Now we’re going to talk about conversion. Again we’ll start with a precise definition:
Conversion happens when someone buys.
Simple enough, right?
Well … not so fast.
Before your customer will do business with you he or she has to know, like and trust you enough to part with their hard earned cash.
Trust is a two way street.
You have to trust your customer too.
That means you have to have a relationship.
A relationship that you both value (more than money).
That means you have to release the pressure.
Start by taking a long hard look at every step in your marketing and sales process, with this question in mind…
“Is this how I would like to be treated?”
If the honest answer is NO then it’s time to go back to the drawing board and design a system that does.
For a start…
Treat your whole audience as customers before taking any money from them.
That doesn’t mean you give away the farm but it does mean that you are willing, nay happy, to help them to start moving forward. To help them make progress towards their goals.
Whatever that might be.
Remember we were talking about identity and acknowledgement in the last chapter.
By expressing how they feel, acknowledging the impact that that is having on their daily lives, their business and their relationships (there’s that word again), you make them feel better.
‘It’s not your fault’ is an overused phrase but more often than not, it’s true. Your audience sees what they think is an insurmountable problem stopping them moving forward.
But that’s just a symptom. The real problem is more profound. Just showing them how this is true gives them a new insight. A new perspective. Change the perspective and you change their lives.
When we do this, your audience begins to see how they could be your customers. They become open to the possibility of doing business with you.
Serving your audience like this makes them feel that you have their best interests at heart (because you do).
The emotional bridge between you begins to take shape.
It would be a pity to spoil it by rushing to a sale… any sale at any price.
A sale at say $9.95 means you acquire dozens, hundreds, or thousands of customers attracted to a too-good-to-be-true, $9.95 offer.
The net outcome is you acquire a boatload of opportunity seeking buyers with no guarantee that they are prepared to part with more than $9.95 in the future.
Who could have predicted that?
And if your response is, no, I’d add upsells and downsells and so on to segment them into different groups of buyers.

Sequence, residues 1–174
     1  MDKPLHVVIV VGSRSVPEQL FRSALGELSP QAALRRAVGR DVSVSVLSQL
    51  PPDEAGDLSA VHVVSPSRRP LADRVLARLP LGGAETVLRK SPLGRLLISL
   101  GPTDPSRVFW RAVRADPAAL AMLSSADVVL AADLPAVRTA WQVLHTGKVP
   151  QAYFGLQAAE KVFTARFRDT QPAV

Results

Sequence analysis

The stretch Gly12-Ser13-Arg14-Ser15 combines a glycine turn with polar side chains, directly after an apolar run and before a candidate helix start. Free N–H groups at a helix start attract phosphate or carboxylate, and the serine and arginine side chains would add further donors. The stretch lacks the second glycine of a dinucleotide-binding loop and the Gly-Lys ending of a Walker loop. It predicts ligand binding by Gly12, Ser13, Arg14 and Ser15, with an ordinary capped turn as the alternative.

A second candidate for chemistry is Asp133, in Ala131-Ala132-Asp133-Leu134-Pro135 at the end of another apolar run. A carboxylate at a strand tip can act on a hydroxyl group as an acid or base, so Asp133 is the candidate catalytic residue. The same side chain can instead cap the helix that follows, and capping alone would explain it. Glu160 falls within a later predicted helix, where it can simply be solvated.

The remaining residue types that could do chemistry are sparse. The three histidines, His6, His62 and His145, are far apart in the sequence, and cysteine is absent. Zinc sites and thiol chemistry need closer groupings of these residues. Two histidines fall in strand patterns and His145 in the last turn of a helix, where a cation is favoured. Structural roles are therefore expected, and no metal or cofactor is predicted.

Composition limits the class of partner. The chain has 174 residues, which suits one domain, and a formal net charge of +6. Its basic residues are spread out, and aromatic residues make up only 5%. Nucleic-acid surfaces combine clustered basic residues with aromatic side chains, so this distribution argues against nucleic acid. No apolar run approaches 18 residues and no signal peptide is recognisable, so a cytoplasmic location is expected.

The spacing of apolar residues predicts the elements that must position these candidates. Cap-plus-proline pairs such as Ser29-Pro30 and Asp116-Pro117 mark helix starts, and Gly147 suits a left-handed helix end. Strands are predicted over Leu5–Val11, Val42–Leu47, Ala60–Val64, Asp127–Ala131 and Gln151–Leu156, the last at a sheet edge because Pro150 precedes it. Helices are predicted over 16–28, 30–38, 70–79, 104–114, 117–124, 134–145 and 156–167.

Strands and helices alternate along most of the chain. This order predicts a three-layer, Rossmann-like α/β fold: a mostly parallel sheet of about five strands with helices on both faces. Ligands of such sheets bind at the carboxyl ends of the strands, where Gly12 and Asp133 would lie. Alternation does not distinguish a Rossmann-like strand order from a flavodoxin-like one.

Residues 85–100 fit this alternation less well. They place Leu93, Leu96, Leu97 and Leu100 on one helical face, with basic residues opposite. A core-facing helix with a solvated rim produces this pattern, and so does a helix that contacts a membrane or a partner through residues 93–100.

I refer you to my question above… “Is this how I would like to be treated?”
Sure, I know you have to cover your Ad spend but consider this…
After analyzing his clients’ data, Internet marketing godfather Dean Jackson has concluded that…
Of your whole audience of say 500,000 people, only 30% will ever be in the market looking to buy.
Of these 150,000 only 3% may be ready to buy from you right now.
That’s 4,500 people.
15% of these may make a purchase in the first 90 days after becoming a lead.
Of the remaining 85%, some may buy in the eighteen months that follow.
Think about that for a moment — 85% of the opportunity, 85% of the revenue in your audience, is available after the first 90 days.
Spot quiz: Knowing that, what do you think is the single most important thing you can do to transform your business by making the most of this new found opportunity?
The pervasive idea that conversion must happen now and if a lead does not buy now, they should be carpet bombed with remarketing Ads is damaging your business.
It minimises your R.O.A.S (Return on Ad Spend) and burns through that audience in next to no time.
(We’ll dive into this in the next chapter…)
The good news is that there is a better way.
Instead of pushing, cajoling, bribing, and strong-arming your audience to pull out their credit cards as quickly as possible, take a deep breath, relax, and treat them like they’re already customers.
Take the pressure off.
Let them look around, ask questions, and make comments.
The moment you treat your audience like you would like to be treated, everything changes.
I mean everything changes.
Your audience is happier because they are being treated like they want to be treated and they feel the whole experience of being in your orbit is more enjoyable.
You’ll be happier because business is easier, less pushy and more relaxed.
The irony of it all is when you stop trying so hard to sell, more people are ready to buy.
So the moral of the story is that your goal must be to build relationships and you do this in your community.
Connection, community and conversion
In the last chapter I wrote:
Relationships take time to develop. The more you see someone, the quicker that relationship builds. That frequency is crucial when it comes to your marketing.
(In the next chapter, I’m going to reveal one of the other constants I believe is, by far, the most important to your success.)
That constant is always lead with value.
Simply put… Give in advance without expectation or condition.
(I’ll dip into that more soon...)
In the meantime, consider how powerful it would be if you reorient your belief system so that, rather than seeing your audience as something to exploit, you view your purpose in life to be of service to your audience.
It will change everything you do.
And rightly so.
Your business is built on your understanding of your people and how well you provide for them what they dearly want (and need).
Dig deep to find out what matters most to them, and consistently find new, innovative, more powerful ways to identify and deliver that value.
When you truly embrace this idea, you’ll begin to see the real secret to business success.That’s the subject of the next chapter .
I’ll bring all of the pieces in part 2 together into a coherent whole.